By: David Morgan, NASCAR Editor
If there were a Mount Rushmore of NASCAR, Jeff Gordon would certainly be one of the drivers included. With 93 wins and four championships over his illustrious career, Gordon was sure to be a first ballot Hall of Famer.
On Wednesday, that came true as Gordon was among the five legends to be chosen as a part of the 2019 NASCAR Hall of Fame class. So, it is only natural that we’d take a step back to where it all began for the driver of the No. 24 car and his first career Cup Series win – the 1994 Coca-Cola 600 at Charlotte Motor Speedway.
Gordon began his Cup Series career in the final race of the 1992 season at Atlanta, followed by his first full-time season in 1993, but through the first year and a half of his career, a win eluded Gordon and his team.
After many near misses, Gordon came into Charlotte in May 1994 looking for a shot in the arm, having finished 15th or worse in his six previous starts on the season, including three finishes of 30th or worse. And that is exactly what they would get.
Gordon powered his way to the pole for the Memorial Day marathon, but despite starting from the front row and leading the first lap, he would fall back in traffic for the majority of the race as daylight turned to darkness.
Rusty Wallace and Geoff Bodine looked to be the drivers to beat as the race played out, having led a combined 288 laps, but the final round of pit stops would determine who would be able to come away with the victory.
Wallace and his team elected to take four tires during their trip down pit road, while Gordon’s team, led by crew chief Ray Evernham, chose a different strategy and took only two tires, getting him back out on track ahead of Wallace after the 9.5 second stop.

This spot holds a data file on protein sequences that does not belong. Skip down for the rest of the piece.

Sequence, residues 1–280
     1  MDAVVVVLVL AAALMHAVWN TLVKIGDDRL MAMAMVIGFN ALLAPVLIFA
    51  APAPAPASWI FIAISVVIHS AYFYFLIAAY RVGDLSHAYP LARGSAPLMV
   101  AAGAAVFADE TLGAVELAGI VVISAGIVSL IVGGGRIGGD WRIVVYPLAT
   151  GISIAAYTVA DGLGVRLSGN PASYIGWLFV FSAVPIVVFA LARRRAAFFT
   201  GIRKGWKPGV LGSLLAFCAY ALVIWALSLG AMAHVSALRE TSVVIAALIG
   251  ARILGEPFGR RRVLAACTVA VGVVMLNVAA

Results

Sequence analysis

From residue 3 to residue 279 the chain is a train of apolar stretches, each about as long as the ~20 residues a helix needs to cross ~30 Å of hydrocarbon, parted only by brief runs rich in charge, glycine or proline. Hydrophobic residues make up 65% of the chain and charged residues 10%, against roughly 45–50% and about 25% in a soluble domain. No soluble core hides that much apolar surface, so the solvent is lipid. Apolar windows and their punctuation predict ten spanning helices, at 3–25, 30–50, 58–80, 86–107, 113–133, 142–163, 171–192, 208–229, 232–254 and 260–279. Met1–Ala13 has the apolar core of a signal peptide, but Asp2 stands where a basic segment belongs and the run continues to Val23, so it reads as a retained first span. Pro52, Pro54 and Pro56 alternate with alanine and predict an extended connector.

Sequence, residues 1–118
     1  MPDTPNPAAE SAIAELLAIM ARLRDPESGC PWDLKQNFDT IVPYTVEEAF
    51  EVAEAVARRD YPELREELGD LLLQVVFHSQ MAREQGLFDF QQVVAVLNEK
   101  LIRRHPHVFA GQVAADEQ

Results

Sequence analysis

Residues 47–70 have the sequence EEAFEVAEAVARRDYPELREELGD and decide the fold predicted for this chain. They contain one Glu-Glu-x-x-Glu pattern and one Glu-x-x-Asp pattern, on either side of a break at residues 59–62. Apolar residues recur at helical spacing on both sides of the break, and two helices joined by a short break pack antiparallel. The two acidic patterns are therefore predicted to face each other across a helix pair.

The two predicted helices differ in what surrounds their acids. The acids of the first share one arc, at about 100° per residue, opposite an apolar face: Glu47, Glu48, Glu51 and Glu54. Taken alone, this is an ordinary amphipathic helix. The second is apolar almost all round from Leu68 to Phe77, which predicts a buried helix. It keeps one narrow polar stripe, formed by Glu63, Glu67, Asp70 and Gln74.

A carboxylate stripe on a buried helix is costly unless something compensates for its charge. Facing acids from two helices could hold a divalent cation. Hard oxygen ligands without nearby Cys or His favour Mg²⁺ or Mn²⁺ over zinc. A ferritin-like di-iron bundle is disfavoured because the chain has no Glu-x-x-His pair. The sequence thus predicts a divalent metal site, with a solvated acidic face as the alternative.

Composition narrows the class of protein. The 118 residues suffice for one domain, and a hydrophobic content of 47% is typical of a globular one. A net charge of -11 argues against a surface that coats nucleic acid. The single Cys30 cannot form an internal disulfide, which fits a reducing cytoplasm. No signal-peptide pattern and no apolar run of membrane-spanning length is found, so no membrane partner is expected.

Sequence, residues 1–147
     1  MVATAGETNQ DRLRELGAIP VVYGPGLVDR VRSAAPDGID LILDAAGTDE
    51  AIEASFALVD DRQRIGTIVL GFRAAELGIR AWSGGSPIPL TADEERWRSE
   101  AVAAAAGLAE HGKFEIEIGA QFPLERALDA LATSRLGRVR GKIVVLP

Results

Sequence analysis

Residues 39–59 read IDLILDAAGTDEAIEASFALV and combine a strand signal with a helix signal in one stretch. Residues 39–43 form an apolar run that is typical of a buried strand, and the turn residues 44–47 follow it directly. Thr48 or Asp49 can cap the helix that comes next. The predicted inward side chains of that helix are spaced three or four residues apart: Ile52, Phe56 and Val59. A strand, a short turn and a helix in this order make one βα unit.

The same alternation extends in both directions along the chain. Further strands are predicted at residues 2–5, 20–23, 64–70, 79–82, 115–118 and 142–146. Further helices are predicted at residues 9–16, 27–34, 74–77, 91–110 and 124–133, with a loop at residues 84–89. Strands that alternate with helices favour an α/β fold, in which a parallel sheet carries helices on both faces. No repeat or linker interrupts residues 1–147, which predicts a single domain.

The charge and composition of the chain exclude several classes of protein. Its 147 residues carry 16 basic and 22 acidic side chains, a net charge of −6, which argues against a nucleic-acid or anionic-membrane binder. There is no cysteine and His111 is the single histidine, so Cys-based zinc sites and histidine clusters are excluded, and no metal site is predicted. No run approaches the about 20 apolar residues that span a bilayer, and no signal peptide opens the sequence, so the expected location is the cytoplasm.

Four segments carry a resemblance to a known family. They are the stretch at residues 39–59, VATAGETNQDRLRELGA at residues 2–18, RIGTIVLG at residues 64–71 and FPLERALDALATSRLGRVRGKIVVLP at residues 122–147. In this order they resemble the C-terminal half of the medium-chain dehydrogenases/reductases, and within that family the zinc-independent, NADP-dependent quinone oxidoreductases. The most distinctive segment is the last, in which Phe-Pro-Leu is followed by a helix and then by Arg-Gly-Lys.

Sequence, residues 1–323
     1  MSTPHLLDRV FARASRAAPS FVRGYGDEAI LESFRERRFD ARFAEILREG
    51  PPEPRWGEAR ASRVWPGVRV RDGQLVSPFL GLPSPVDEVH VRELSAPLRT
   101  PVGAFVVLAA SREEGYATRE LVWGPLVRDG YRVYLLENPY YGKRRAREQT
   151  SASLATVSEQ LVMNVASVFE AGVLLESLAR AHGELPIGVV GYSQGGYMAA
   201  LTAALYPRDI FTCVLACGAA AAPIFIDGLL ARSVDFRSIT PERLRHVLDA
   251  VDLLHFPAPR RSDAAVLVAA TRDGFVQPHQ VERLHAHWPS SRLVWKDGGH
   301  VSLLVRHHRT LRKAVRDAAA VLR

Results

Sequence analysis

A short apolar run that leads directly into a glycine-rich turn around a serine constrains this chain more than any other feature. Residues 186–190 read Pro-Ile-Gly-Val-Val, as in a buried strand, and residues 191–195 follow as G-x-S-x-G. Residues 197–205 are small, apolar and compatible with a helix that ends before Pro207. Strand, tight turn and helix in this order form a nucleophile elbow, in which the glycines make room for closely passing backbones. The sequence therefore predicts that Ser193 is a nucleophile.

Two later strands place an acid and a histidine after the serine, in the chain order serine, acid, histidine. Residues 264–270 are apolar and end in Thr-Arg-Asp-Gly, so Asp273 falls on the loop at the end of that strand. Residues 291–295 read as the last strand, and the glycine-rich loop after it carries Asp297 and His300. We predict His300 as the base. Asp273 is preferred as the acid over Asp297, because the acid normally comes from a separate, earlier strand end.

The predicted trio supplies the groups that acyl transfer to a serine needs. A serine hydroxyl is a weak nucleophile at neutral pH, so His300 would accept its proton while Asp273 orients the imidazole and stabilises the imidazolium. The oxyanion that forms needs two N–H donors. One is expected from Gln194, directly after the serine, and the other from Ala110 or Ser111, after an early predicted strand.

Many, including Richard Petty, who was up the TV booth helping to call the race, questioned the gamble, but when Ricky Rudd had to pit from the lead with nine laps to go, the race played right into the hands of the No. 24 team as Gordon took over the lead and never looked back.
Gordon would lead those final nine laps and streaked across the finish line nearly four seconds ahead of Wallace to take the win. As they say, the rest is history.
“This is the greatest day of my life,” said Gordon. “I don’t know what to say. Just a wonderful feeling. I owe so much to this crew. I told everybody that we weren’t going to be fast in the beginning, but we’d be there when it got dark and the lights came on and that’s what this thing did.
“Unbelievable feeling. I’ve got to thank Rick Hendrick, Chevrolet, DuPont, especially, but this crew, they made that decision, I just drove the wheels off of it. I didn’t have to drive it too hard because they did such an excellent job in the pits. Man, that’s what wins races, being smart and being there all day. We’ve been so unlucky lately, this is the only way to make it all worthwhile.”